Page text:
When wireless charging began to make its impact on consumer electronics, mobile phone charging soon emerged as the dominant application. Since mobile phones are designed to be thin with a large screen, the coil and cover needed to achieve wireless power transfer were also designed as thin as possible, with the unwanted effect of a drastically lowered power transfer effect. Many people were disappointed when they tried wireless charging for the first time, and quickly went back to wire charging. New mobile phones are to a larger extent designed to allow a higher wireless charging effect, but still the effect is lower than by wire charging using a USB cable.
The HYRE products are designed from scratch for wireless power transfer and are compatible with the international Qi standard (pronounced “chi”) for wireless power transfer. Wireless charging occurs when power is induced, or generated, by two metal coils; one in the charger and the other in the unit being charged. When current flows in one coil, a magnetic field is generated which induces current in the other coil. One can look at such induction as a transformer that is cut in two. In practice, it’s a little more complicated and we describe our technology in a separate article HERE.
When we started developing the HYRE products, we quickly decided to develop coil, power circuit board and the code itself ourselves, to optimize the charging effect. Existing wireless chargers were adapted to the limited effect used for mobile charging and off-the-shelf components simply would not give us the effect we wanted. Our technology is optimized to achieve as high power transfer effect as possible. This is why our coil and ferrite shielding are a little thicker than the elements used in mobile phones. When the technology used in mobile phones eventually follows, our products can still deliver quicker wireless charging also to mobile phones. We can already deliver up to 15 watts and have measured a total power transfer effectiveness of 90%, actually comparable to what is achieved by wire charging.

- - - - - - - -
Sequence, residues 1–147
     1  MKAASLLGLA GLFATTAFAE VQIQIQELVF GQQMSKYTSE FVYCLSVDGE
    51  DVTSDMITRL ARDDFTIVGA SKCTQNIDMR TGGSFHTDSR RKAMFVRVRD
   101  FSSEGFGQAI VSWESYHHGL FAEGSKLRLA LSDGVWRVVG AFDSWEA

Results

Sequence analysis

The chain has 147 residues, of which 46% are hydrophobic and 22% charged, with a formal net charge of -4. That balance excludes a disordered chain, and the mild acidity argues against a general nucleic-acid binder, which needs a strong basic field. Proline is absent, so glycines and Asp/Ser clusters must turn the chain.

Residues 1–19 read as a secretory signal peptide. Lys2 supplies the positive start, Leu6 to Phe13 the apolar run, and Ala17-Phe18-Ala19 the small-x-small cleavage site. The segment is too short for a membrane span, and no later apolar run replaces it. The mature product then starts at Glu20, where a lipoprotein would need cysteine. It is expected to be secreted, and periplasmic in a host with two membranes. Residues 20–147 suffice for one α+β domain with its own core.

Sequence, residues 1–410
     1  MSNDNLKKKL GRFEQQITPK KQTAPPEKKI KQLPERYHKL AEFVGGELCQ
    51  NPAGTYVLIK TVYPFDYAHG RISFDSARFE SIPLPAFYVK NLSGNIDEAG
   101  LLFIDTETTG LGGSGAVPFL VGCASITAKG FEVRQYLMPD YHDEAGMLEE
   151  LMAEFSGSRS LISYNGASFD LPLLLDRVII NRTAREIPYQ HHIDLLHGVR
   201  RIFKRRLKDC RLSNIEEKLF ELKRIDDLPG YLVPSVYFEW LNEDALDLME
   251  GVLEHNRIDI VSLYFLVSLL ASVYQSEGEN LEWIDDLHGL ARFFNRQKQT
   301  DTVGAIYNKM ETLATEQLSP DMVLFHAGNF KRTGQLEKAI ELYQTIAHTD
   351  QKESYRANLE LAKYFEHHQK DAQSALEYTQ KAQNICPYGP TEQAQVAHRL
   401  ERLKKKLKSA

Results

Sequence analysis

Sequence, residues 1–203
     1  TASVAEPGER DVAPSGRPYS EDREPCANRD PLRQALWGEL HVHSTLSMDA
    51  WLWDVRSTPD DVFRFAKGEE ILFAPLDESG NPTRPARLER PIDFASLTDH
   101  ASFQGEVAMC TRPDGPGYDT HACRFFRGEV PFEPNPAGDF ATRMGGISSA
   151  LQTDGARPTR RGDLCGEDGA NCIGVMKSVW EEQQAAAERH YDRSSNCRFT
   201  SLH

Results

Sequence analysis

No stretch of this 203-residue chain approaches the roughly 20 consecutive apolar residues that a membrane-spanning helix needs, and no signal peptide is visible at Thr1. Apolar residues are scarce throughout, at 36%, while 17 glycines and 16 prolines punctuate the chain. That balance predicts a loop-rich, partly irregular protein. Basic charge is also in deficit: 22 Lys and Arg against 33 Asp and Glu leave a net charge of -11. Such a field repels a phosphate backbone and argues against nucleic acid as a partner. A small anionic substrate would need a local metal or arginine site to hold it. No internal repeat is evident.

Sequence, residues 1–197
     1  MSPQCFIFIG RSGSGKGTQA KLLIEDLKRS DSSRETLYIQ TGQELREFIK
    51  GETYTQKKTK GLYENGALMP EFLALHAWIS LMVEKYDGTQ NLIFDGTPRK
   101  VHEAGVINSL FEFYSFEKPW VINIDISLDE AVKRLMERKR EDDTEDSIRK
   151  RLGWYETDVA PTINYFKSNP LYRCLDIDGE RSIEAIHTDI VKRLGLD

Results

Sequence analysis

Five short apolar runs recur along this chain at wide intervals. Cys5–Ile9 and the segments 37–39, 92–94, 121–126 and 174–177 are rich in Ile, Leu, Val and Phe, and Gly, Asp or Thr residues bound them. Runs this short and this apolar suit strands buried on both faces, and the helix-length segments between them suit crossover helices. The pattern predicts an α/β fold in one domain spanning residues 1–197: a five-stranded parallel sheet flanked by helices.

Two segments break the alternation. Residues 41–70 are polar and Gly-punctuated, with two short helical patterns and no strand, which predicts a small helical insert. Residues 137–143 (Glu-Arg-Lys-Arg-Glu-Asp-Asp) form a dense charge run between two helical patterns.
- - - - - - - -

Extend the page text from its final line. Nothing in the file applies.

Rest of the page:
What also limits the effect achieved by today’s wireless charging solutions, is the relative positioning of the coils. If the mobile phone is inaccurately placed on the charging plate, the charging is severely limited or in the worst case stopped. We use magnets to position the coils perfectly relative to each other and by doing so we achieve optimal charging effect.
Some power banks have solar panels directly mounted on the shell. We have chosen to use a foldable, external solar panel to charge our power bank wirelessly. Our solar panel may, in ideal conditions, deliver up to 12 watts directly to the battery. Should the solar panel be limited by the size of the power bank, the maximum achievable effect be about 2 watts, and this is insufficient as a charging alternative to be used outdoors.
When we report the charging speed by use of the solar panel to “about 2.5 hours from 50% to 100% charge”, it is because this is how we expect the solar panel to be used. We recommend fully charging the battery before going outdoors and then using the solar panel to top up the battery while on the move.